Stories aren't cut and dry cause and effect. They are transitional and transformational. By the end of the story something is going to change, whether it is a person, a relationship, or a situation. Promises are part of that change. They can be romantic, comedic, horrifying, or dramatic.


Example: If a man (let's call him John) is out to avenge the wrongful death of his brother, that is a promise. But when his cousin sets out to stop him from exacting his revenge because he knows who really killed John's brother, he decides to wait in the shadows alongside John's known designated path...that's the danger. When John comes walking past, he gets the feeling that he is being followed and he starts expecting that he will be ambushed by his enemies...


This is the exact moment where suspense occurs. Drag this moment out and make the most of it. Then show us what happens and the consequences that follow.


3. Keep your promises


It seems like a matter of common sense, but writers make the mistake of not following through on their promises all the time. Leaving these promises unaddressed, even if it is only one, can leave readers frustrated and feeling as though their time has been wasted. Likewise, the bigger the promise that you make, the bigger the payoff has to be. Leaving a promise without a satisfying payout is as much a problem as not addressing it at all. It leaves readers feeling disappointed and then the likelihood of them returning for any sequels are slim to none.


Consider every detail of your story with this in mind. If you choose to include or describe something, make sure it is relevant to your novel as a whole. Sometimes writers will spend several paragraphs describing a mundane fact- like what someone ate for dinner- when it serves no purpose to the plot. Unless the meal is poisoned, symbolic, or has some other reason for being the sole focus of the narrative, you don't need to waste a reader's time describing it to such lengths.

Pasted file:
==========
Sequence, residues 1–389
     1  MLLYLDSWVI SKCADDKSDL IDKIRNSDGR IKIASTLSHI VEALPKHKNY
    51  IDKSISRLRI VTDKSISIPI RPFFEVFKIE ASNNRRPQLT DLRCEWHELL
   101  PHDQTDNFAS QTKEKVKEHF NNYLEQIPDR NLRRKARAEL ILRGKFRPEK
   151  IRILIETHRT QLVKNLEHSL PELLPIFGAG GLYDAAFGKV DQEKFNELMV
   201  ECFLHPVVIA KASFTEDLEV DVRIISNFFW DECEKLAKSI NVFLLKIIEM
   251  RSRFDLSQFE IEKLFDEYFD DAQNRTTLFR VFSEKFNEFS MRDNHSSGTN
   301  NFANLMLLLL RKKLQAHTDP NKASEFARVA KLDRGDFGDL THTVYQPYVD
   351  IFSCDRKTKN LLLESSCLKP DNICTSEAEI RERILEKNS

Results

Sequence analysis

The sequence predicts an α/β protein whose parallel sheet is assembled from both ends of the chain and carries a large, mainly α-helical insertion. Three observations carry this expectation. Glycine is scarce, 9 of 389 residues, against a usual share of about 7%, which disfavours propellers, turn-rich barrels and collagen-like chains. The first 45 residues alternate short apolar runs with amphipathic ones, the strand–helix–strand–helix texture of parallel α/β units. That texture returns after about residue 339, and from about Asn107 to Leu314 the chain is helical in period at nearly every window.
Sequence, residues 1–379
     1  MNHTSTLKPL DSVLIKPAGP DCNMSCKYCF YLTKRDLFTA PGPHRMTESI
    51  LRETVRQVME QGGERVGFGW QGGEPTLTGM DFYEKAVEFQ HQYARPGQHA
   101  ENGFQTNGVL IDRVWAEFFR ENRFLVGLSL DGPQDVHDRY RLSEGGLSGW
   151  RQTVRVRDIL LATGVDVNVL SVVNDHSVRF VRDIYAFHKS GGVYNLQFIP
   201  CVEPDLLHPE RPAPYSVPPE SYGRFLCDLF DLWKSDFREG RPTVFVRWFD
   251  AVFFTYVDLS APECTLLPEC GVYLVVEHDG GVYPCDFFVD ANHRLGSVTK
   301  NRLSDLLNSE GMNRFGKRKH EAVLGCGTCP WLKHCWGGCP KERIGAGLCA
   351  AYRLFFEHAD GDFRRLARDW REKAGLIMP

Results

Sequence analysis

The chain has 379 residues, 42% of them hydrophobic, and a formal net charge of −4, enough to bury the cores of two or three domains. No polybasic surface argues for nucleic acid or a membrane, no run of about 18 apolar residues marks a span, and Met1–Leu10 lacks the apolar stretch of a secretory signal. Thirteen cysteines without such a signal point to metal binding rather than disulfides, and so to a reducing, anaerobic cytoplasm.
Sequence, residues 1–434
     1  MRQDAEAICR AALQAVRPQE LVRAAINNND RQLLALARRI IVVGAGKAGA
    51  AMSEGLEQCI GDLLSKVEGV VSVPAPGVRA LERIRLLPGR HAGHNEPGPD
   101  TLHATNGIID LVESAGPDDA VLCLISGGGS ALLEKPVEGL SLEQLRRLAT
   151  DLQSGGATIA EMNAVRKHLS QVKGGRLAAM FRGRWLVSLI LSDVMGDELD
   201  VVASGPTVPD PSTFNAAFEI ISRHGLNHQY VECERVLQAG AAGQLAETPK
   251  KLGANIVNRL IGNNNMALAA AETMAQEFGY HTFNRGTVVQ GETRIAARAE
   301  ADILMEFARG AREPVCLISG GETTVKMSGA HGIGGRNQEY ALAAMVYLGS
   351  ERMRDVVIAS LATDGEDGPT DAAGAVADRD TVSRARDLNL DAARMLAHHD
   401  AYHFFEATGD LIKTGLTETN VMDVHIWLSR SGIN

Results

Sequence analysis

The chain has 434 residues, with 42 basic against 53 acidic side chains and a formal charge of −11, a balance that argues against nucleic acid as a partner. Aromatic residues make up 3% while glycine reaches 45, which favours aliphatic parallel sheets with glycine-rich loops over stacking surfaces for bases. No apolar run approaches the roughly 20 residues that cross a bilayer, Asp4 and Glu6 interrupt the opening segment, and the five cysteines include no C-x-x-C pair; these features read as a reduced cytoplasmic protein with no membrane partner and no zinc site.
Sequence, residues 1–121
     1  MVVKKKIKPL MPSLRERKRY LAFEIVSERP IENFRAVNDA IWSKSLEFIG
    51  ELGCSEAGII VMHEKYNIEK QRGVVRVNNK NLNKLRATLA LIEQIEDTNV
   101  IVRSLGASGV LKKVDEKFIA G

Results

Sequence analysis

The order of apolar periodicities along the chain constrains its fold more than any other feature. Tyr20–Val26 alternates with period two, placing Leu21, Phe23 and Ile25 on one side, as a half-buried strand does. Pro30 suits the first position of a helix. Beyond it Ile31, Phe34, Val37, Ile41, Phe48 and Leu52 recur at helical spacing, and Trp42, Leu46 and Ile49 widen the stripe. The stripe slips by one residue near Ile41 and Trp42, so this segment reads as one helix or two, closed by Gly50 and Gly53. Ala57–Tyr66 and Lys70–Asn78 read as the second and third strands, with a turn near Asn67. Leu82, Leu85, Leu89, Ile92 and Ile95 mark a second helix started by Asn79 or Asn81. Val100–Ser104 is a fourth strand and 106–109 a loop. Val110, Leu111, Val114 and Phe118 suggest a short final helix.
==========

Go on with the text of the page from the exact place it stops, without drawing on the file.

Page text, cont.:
When books fail, it's usually due to not enough promises being made, promises not being fulfilled when readers want them to be, or promises being forgotten entirely.


Another way to break a promise is by being too predictable. Don't set up a scene and then have the obvious thing happen. There's no fun in that and the reader knows it. They are reading to see what you've done differently, and feel letdown when you haven't delivered a bit of excitement.


4. Let plans be known


To be clear, you should not give away your secrets, your twists, or your ending, but you should let your readers know what's on the agenda. By establishing what is supposed to happen, you are promising your readers that something will happen to disrupt the "plan".


An easy way to set this into motion is have your character state it. Phrases like "I'll see you for dinner at 5" or "I have a staff meeting at 10 but after that I'm free" are an easy way to establish a timeline that will later be altered. You can also list out what your character's day will look like, such as "Okay, you go to the crime scene and then the victim's house, and I'll cover the bank witness and then the morgue". With statements like these we can clearly see where your character intends to end up. Now it's time to shake things up for them and your readers.


Plotlines swing from events to the moments that follow where your characters process what has happened, to planning what they will do next. We experience the same process in real life. Things happen, we process, and we react. In these moments of reflection, tension can lag. During each in-between moments there needs to be a promise made or kept.


5. Don't overdose on violence


Violence, like curse words are most impactful when used in moderation. When it comes to thriller and mysteries especially, violence is inevitable. When you're writing about a serial killer you may be tempted to write about all of his dastardly exploits. While showing a few is necessary to establish background and your villain's personality, your readers don't need to see every gory moment.


Gore does not build suspense. The threat of a murder is much more impactful than the murder itself. The possibility of escape is what makes things exciting. It gives the reader a reason to hope and a reason to fear. It makes the grief all the more real when things don't end well, and the joy much more celebratory when they do.